Posted tagged ‘Trump’

07.16.17 Not a single patriot

July 16, 2017

I belong to a Facebook group for the summer camp I went to 47 years ago. (Damn, I’m old!) On July 4, this year, someone posted a request for people to share their Independence Day memories from back then. What I recalled (proudly) was the campers raising the flag upside down and backwards to protest the Vietnam War – it was either 1970 or -71. And I remember the camp owner giving us a harsh lecture on patriotism. “Love it or leave it,” was the mantra of the day.

I remember being called a commie for walking down the street with long hair in my teens. Worse epithets were used against those who opposed the Reagan’s defense buildup in the ‘80s. And the militarists went ape shit, as usual, when people who were neither brainwashed nor morons stood up against the Iraq War. (That was when Maryland governor Bob Ehrlich [R – of course] spent taxpayer dollars to infiltrate community peace groups who were such a threat to. . . what exactly?)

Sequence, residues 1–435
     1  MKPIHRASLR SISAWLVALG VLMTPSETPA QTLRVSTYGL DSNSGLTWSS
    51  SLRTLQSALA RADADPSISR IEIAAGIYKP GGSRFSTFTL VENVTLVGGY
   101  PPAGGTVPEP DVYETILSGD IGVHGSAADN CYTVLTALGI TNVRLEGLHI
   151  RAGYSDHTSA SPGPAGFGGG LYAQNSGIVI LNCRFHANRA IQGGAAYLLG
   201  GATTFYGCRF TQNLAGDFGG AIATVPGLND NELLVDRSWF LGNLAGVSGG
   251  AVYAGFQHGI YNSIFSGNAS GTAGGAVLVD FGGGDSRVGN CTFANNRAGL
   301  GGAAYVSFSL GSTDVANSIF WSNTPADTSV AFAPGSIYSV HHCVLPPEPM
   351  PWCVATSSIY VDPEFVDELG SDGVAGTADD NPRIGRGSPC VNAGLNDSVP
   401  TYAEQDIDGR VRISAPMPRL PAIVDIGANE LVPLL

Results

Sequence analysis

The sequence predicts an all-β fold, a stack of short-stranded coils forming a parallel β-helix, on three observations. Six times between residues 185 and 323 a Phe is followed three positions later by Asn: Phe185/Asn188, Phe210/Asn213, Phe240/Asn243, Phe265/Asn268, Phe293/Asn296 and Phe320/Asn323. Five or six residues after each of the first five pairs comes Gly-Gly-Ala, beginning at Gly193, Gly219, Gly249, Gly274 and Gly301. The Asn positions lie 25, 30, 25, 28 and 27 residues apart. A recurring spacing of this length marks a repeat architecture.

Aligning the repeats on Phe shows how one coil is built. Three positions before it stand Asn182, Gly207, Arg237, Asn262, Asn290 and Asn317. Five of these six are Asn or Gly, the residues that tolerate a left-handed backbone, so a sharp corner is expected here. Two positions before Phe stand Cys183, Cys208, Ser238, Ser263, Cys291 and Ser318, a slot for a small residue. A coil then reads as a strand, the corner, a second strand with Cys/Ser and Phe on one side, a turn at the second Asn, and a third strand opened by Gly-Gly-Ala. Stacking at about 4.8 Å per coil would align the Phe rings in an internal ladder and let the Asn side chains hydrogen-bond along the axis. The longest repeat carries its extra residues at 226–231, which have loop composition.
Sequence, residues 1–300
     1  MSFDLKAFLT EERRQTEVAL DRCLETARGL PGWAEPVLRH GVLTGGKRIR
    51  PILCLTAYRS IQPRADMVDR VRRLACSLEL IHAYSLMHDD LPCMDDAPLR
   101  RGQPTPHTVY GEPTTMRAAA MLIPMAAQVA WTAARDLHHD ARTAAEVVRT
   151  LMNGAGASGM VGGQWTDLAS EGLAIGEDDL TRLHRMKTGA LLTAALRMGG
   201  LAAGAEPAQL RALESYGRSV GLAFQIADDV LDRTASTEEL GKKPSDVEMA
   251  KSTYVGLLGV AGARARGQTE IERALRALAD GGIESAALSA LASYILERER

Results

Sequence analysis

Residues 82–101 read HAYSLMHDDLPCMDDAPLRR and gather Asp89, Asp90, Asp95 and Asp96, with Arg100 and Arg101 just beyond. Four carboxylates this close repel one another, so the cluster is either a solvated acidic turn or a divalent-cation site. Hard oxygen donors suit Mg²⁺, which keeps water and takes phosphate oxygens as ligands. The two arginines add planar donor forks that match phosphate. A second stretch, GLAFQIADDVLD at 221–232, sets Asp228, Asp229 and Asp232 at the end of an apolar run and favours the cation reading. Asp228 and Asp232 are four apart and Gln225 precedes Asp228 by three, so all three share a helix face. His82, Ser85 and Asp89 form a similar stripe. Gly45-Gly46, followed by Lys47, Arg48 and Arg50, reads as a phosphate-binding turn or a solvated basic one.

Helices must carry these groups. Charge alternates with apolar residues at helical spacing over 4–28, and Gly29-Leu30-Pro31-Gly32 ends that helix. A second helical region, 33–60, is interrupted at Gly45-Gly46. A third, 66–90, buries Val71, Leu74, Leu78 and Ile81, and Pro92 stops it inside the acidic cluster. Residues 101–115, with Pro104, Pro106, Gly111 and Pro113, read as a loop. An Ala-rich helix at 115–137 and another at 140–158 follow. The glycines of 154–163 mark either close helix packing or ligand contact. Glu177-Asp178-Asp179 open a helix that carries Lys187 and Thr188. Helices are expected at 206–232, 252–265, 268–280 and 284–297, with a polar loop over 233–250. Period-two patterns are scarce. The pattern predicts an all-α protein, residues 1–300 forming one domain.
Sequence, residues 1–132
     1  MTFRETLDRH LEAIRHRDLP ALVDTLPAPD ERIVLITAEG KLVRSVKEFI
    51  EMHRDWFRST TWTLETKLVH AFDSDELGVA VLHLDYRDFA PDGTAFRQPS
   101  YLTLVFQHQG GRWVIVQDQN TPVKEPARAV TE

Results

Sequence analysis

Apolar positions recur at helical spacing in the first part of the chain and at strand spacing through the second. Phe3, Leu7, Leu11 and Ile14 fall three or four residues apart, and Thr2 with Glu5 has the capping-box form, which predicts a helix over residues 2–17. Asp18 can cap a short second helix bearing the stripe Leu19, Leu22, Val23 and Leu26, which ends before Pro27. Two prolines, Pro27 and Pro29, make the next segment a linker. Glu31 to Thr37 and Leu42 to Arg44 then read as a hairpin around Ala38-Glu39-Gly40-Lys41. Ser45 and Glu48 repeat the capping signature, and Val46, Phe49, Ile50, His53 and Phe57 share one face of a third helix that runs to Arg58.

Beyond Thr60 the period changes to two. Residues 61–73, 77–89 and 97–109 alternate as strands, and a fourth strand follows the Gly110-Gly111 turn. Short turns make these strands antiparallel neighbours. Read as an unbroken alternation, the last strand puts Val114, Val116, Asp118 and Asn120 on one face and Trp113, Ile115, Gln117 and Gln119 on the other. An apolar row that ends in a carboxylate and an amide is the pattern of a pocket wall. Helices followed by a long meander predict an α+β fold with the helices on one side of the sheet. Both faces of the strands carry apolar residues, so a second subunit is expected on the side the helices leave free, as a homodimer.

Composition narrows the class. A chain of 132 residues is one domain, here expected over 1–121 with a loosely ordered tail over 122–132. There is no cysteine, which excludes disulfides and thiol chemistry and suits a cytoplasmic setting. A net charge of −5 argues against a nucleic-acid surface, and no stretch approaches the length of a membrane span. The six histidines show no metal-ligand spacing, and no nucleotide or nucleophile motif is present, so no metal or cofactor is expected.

It was the right – and increasingly the Republican Party – that declared, “If you’re not with us, you’re against us” and accused us of being traitors.

Notwithstanding my belief that the US has more often than not been a hypocrite in touting democracy, I am a democratic patriot. Democracy is not merely about holding elections, but rather making them free and fair, inclusive, and backed by a robust civil society and a judiciary that acts for justice (imagine that!). This is the only system of government that fosters individual dignity and the rights of all to influence outcomes, at least in its ideals.

Come the year 2017, democracy has been under assault for a decade around the world. In the past two years, Hungary, Poland, and Turkey (among others) have more or less given up on it, adopting ever-more authoritarian practices.